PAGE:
Prime Minister Jiri Paroubek has called on Social Democratic Party MPs to support a bill on same sex registered partnerships which will be presented to parliament next week. The bill which would enable gays and lesbians to enter into a form of marriage has been rejected by Parliament several times in the past, failing to get approved by just one vote on the previous occasion. Although opinion surveys suggest that the public is liberal minded with respect to homosexuals and would support gay marriages, the Christian Democratic Party remains strongly opposed. Likewise some deputies for the Civic Democratic Party and the Communists claim that registered same sex partnerships would undermine the institution of marriage in society.
A 29 year old woman has admitted to killing her boyfriend and chopping him into pieces with a saw, a police spokeswoman said. The murdered man's body parts wrapped in plastic bags, were found by road workers scattered in several locations along a main road near the town of Klatovy. The woman admitted to having committed the murder a fortnight ago but the police say the motive of the crime remains unclear. It could be a disagreement over money or infidelity, a police spokeswoman said.
Seven people were injured by a drunk driver who crashed into a refreshments stall at a tuning party on Saturday night. The driver allegedly lost control of the vehicle and witnesses say he unexpectedly swerved into a crowd of people standing around a refreshments stall. Three people were flown to hospital by helicopter with serious injuries. The others suffered concussion and bruises. The driver has been charged and could face up to three years in prison for drinking and driving and causing grievous bodily harm.
A 46 year old woman priest of the Czechoslovak Hussite Church has gone on hunger strike to protest against alleged undemocratic practices within the Church. Milena Tomesova claims that the church management is blinded by power and ambition and that this clique rules the Czechoslovak Hussite Church with an iron hand and censorship. The church patriarch Jan Schwarz is likewise at war with the management after pointing out to the media that some Hussite churches were demanding fees for christenings and other church ceremonies, which was he said totally unacceptable. The church management is refusing to communicate with the press.
Charles IV, Holy Roman emperor and King of Bohemia /1316 -1378/ has been elected the Greatest Czech in history. The results of the competition were announced at a gala evening on Czech TV on Friday night. Charles IV brought the Czech lands to unprecedented prosperity, he was a skilled diplomat and peacemaker and a generous patron of learning and the arts. His legacy includes the oldest University in central Europe, the famous Charles Bridge and St. Vitus Cathedral, where he was laid to rest in 1378. Charles IV won over 68,000 votes from the public. The founder of Czechoslovakia, president Tomas Garrigue Masaryk came second and the former Czech president Vaclav Havel third.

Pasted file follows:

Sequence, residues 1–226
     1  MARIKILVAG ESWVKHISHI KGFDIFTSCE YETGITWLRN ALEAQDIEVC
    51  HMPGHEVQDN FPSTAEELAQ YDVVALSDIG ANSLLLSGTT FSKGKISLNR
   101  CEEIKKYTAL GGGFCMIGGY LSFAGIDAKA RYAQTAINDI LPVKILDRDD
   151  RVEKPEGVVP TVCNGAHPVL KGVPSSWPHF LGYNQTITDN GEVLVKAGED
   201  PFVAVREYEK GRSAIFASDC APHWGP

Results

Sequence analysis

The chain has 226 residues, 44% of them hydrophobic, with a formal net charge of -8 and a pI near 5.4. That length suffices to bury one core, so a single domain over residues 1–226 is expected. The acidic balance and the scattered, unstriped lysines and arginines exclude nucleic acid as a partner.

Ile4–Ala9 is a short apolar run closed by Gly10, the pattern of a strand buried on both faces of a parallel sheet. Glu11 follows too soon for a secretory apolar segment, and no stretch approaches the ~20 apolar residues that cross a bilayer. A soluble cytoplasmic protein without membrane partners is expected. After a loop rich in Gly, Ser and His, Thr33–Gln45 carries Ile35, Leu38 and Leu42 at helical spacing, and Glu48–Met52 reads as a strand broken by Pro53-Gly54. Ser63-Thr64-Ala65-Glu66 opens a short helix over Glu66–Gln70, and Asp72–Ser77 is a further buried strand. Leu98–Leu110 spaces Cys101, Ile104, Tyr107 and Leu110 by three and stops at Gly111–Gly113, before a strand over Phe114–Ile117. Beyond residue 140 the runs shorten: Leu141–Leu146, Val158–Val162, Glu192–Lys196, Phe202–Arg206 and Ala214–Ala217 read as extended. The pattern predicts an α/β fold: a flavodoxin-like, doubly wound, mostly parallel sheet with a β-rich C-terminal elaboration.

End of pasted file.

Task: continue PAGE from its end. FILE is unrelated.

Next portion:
Meanwhile, the Czech Prime Minister Jiri Paroubek has called on European Union leaders to send a strong signal to voters in the Czech Republic which would renew trust in the Constitution and the EU integration process in general. Speaking at a Visegrad group summit in Warsaw, the Czech Prime Minister said the upcoming EU summit in Brussels could have a significant impact on the situation in the Czech Republic, where Euro-scepticism has been on the rise since the French and Dutch rejections of the treaty. Prime Minister Paroubek had been in favour of forging ahead with an information campaign on the EU Constitution, but after consulting with his coalition partners he agreed to shelve that decision pending the outcome of the EU summit in Brussels.
The Czech Communist party is against the ratification of the EU Constitution in its present form. A meeting of the party's executive committee concluded that following the French and Dutch rejections of the treaty and Britain's decision to shelve its referendum, continuing with plans for ratification was no longer meaningful. The other opposition party on the Czech political scene, the right wing Civic Democrats, have expressed a similar opinion, saying that the treaty was dead and there was no point in wasting time and money on it.
A new witness has appeared in the Koristka bribery case in which the governing coalition accused the opposition of trying to bribe one of the coalition's MPs with the intention of bringing down the government. The case was recently shelved for lack of evidence. Ladislav Sommer, a 58 year old former journalist and writer, has now come forward to say that while sitting in a café in Ostrava he had overheard two men offering Freedom Union deputy Zdenek Koristka 10 million crowns and a promising career in exchange for voting against the coalition government in a planned no-confidence vote. He said he could identify the two men as Vecerek and Dalik, a lobbyist and adviser to the opposition Civic Democrats. The Civic Democrats say this is a smear campaign against them and point out that if this were true Sommer should have come forward while the case was still open. Police are investigating the claims.